Wednesday, June 17, 2009


This book writing journey began in 2002 for a lot of reasons I will not cover here. I also realised in 2002 that a vivid imagination does not a book make. So the objective became about writing anything and everything to an online journal. In 2006 I tried writing another book but failed again because a book needs a story not just an idea and characters. That led me late in 2006 to start writing short stories and most of 2007 was spent making up for my shortcomings in grammar. It was also spent writing lots of dialogue because I heard that was important too.

As 2007 came to a close I was about as ready to write a book as any parent is for their first child. I had failed in 2002 because I did not know how to write and failed again in 2006 because I knew not what a story was. But I persevere and I studied.
The Story
It was a cool overcast day in October 2007 and I was standing in the high street waiting on Prideesh, who was loitering in Smiths. It was busy and I was people watching. I think most people do but especially people that write, hunting mannerisms and creating backstory for the unaware. I watched a girl of about ten emerge from Boots and amble alone along the high street wearing what girls that age do. She also wore a tired pair of emu boots, a white boots bag swinging from her hand.

Some part of what struck me was her grace, a poise that was almost woman that stood her from the crowd. It is hard to describe what then happened in my mind but it was like every neuron fired at the same time. Everything I had thought and experienced through these writing eyes suddenly connected and illuminated like a a giant oak with every limb decked out in lights. I had the basic concept for a whole story.

The idea grew and grew and before Priddeesh emerged onto the high street I had imagined specific scenes and the key characters. From that night on I have been listening to the characters talk, their conversations and imagining their actions that would lead them through the story. Daydreaming has been a strength of mine for as long as I can recall. Although it was not often thought as such during my largely fruitless academic years.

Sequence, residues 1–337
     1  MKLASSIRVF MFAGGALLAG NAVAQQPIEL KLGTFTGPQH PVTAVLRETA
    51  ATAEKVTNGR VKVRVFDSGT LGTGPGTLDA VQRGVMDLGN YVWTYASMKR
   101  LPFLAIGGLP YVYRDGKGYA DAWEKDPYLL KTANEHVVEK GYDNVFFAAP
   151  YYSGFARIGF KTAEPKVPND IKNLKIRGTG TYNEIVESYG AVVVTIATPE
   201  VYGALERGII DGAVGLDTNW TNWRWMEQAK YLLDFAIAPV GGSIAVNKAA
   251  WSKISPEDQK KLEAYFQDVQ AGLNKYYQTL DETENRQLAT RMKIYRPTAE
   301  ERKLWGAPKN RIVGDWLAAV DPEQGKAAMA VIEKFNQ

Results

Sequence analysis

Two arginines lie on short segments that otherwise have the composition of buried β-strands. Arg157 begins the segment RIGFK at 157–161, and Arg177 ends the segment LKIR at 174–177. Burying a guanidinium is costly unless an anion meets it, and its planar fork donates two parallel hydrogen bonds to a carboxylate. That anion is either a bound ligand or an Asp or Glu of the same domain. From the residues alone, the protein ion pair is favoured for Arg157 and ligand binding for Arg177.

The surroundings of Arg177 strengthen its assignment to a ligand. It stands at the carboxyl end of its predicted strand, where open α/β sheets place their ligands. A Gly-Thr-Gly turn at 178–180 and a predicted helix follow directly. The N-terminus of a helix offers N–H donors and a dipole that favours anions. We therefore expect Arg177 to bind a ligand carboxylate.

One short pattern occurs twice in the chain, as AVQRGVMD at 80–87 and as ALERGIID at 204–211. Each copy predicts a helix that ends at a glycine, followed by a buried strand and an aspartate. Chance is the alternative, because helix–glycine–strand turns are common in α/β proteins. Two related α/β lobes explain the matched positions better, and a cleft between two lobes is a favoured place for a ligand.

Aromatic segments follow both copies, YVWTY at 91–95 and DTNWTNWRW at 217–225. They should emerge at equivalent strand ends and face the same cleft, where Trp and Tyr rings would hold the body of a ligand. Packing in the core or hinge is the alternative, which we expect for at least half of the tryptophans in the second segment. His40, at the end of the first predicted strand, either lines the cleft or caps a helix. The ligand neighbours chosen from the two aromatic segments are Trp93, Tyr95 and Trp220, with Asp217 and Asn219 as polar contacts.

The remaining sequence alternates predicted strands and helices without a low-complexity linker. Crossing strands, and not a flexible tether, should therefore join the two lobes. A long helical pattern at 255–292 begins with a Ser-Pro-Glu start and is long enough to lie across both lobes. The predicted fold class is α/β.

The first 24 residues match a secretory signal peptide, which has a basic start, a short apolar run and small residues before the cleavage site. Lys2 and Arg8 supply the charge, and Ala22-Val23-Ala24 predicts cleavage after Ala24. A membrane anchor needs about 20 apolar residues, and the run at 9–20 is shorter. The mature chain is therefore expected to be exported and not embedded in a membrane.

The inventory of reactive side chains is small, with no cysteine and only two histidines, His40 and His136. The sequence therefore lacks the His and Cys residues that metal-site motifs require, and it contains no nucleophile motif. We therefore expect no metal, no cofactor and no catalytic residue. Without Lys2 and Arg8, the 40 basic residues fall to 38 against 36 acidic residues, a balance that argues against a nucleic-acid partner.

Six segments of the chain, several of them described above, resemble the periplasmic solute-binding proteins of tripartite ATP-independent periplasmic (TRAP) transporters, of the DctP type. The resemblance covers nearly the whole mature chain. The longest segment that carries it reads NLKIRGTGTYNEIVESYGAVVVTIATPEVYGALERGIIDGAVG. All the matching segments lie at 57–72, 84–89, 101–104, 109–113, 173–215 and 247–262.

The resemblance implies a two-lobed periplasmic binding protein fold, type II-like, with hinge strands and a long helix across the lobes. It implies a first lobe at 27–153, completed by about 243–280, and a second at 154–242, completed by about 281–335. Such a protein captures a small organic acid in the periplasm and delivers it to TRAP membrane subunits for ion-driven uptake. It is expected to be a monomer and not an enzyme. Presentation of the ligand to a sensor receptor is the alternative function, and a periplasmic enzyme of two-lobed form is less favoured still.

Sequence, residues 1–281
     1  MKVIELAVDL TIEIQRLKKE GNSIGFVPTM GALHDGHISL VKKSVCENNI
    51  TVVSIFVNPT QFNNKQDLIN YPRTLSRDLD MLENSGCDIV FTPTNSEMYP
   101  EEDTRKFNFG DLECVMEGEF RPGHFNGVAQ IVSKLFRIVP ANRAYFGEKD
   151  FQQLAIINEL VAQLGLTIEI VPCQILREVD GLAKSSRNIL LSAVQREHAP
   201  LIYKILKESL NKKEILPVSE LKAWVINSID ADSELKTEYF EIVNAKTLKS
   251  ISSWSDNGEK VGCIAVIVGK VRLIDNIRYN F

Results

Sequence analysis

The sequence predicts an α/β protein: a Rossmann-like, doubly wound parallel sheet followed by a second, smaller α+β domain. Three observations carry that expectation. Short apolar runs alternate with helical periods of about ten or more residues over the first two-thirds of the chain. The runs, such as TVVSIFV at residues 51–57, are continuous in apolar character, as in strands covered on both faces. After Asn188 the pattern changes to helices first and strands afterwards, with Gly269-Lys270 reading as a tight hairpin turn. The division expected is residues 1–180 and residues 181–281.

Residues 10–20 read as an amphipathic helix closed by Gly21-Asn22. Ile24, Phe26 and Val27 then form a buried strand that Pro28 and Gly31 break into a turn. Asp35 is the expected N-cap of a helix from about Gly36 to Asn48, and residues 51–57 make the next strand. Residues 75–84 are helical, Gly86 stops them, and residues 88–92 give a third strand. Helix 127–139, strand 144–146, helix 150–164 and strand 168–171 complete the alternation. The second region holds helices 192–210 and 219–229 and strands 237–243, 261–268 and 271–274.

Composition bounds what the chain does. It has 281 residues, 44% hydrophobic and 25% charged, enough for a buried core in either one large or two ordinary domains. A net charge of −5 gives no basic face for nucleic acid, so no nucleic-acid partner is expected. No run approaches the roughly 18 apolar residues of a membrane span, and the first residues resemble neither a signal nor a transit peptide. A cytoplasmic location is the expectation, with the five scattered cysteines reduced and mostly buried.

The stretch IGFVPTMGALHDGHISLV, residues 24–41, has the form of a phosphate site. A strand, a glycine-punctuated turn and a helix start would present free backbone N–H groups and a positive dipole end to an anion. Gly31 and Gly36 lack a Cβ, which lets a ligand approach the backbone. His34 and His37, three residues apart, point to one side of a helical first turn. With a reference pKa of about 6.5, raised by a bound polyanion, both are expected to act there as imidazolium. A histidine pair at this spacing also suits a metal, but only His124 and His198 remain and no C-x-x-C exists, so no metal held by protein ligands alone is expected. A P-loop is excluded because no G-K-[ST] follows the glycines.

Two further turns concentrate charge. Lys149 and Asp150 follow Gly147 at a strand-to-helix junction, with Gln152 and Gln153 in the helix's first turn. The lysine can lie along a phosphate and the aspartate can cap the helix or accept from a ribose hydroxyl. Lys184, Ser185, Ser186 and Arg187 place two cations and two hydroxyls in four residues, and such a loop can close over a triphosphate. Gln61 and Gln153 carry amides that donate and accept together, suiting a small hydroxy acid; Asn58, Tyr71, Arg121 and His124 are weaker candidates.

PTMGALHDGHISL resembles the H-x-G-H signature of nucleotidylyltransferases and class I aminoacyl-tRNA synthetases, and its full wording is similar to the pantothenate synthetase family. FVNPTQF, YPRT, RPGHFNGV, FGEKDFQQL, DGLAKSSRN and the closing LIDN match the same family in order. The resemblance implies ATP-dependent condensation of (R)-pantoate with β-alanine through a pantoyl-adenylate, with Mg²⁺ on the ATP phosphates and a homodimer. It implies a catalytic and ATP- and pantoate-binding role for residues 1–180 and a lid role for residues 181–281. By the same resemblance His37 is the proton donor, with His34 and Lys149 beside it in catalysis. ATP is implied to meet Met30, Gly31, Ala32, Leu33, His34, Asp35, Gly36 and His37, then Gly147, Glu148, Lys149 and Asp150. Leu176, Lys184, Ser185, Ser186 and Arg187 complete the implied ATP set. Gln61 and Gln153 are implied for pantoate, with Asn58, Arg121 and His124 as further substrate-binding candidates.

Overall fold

Still a little cautious after my previous book writing attempts and having studied the structure of the sort of book I wanted to write I started creating a plot outline. Some people say you do not need them and some say you do. I know not all people are the same. I would use the outline much as a director does a storyboard. It would be a framework for the story but not the whole story. It would point in the right direction but not be a road map that was diligently followed for want of better paths.

So that is what I did and it took me to the beginning of 2008 to finish the outline. It was a hugely rewarding process and I have to say for me vital. It also showed to me later while I was writing how naïve I was in my imaginations for what the story was and how short the outline fell. But it was still useful for the first half of the book.
You do also hear that some writers nail everything about their characters before they get going on the story main and I did ponder a great deal on character profiles and did start writing them. But the characters were so distinctive in my mind I knew what they were if not exactly who. So I decided to let them become who they were as the story evolved. I am very glad I did that now with hindsight. At the time I did not write more than a few paragraphs in character development prior to writing and what I did write only served to enforce the image in my mind and were never used in the story main. It was a huge amount of fun defining who they were as the story unfolded.
Which brings us to perspective. I have written a few first person short stories and they are quite easy to write if you have the narrator’s mindset in yours. I am not saying a first person perspective book would be easy to write because you are narrowed by the fact you only see from one person’s viewpoint and stringing that out in an entertaining way for over three hundred pages must be difficult. But I wanted a book that had lots of characters, one of them is a child and I wanted to see things from her point of view and from the main characters: a woman. From all perspectives. So I went omnipresent. The decision was easy doing it was very hard.